By SAMUEL BARIASI
PRIME Minister James Marape yesterday vowed to introduce major reform policies and legislation this year to address the country’s continuing low ranking in the Corruption Perceptions Index (CPI).
It will include the establishment of the long-awaited Independent Commission Against Corruption (ICAC) and the Whistleblowers Act.
“I announced when I first took office (in May 2019) that ICAC and Whistleblowers Act would be key vessels in reforming our country for the better,” he said.
“The 2020 parliamentary year will be filled with reform legislations that we will bring in.”
According to Transparency International PNG (TIPNG) chairman Peter Aitsi, PNG had shown “little improvement” in its ranking, scoring 28 out 100 and ranked 137 out of 180 countries surveyed.
The CPI measures public sector corruption including bribery, diversion of public funds, use of public office for private gain and nepotism in the civil service.
A higher score indicates better public perception. New Zealand, Denmark and Finland are the least corrupt nations, while Somalia, Sudan and Syria and in the bottom three on the list.
Marape yesterday said ICAC and the Whistleblowers Act had been around for some time and blamed past governments of doing little to have them set up.
He urged Papua New Guineans to report corrupt practices they come across, instead of just talking about it.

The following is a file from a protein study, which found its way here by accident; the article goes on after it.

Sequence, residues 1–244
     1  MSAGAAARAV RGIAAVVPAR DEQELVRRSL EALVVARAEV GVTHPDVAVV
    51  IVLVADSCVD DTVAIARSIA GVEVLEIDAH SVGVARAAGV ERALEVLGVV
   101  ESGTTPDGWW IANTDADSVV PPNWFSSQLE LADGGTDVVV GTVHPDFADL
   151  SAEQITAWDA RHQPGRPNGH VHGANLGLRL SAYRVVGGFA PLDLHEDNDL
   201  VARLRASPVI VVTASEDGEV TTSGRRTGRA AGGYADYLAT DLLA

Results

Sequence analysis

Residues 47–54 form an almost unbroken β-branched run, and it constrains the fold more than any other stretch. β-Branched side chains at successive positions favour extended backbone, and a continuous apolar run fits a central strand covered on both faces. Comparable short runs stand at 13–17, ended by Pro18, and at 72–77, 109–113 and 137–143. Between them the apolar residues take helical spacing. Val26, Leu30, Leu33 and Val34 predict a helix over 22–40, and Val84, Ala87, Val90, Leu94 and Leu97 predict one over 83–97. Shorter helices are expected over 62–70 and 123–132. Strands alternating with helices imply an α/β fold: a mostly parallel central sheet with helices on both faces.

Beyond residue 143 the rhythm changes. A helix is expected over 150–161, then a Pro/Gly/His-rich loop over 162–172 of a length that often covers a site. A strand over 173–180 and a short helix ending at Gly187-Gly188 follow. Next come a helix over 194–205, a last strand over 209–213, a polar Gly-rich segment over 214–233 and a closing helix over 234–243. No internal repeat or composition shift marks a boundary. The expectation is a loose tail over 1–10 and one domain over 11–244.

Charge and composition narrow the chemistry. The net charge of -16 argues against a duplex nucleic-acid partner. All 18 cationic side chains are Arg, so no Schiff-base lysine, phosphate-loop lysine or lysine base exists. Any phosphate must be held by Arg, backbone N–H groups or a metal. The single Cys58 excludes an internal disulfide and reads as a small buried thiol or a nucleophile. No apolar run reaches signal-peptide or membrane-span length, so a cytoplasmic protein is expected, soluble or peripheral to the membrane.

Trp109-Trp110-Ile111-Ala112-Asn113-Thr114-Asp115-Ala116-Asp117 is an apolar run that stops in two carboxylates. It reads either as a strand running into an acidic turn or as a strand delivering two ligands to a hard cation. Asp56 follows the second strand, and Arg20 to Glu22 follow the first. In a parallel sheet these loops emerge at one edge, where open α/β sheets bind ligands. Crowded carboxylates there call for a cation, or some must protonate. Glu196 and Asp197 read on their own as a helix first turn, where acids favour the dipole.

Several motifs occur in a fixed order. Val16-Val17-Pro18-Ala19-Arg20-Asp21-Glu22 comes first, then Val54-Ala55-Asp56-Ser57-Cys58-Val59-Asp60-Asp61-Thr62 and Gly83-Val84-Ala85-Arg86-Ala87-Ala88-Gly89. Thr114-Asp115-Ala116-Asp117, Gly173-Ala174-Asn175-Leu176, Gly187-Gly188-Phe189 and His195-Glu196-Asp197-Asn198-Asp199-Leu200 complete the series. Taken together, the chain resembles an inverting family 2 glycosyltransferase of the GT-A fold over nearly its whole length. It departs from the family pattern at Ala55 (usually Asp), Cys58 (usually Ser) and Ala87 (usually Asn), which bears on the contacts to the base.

“Our legislative structure has provisions for fighting corruption but (people) haven’t been reporting corruption,” he said.
“It is about time we become an army of watchmen on corruption, instead of just talking about it and being a hero on Facebook.
“We should step away from our comfort zones and take the necessary steps to report corruption to relevant authorities.”
Marape said the Whistleblowers Act would protect those who reported corruption, ensuring that those implicated were prosecuted (and) convicted.
“Some people are often maliciously and unfairly labelled as corrupt, so the Act will be balanced.
“It will protect those identifying corruption and also prosecute those who accuse people of corruption,” Marape said.
Aitsi said TIPNG wanted the Government to establish ICAC.
He said PNG had taken steps to address corruption, such as signing global anti-corruption initiatives unlike other countries.
“Having an independent anti-corruption agency like ICAC is not only essential in boosting the effectiveness of NACS (National Anti-Corruption Strategy) but will also allow the effective implementation of the national budget by preventing wastage through corrupt activities.”
He said recent reports had revealed that billions of kina in government revenue had been lost because of corruption.
By SAMUEL BARIASI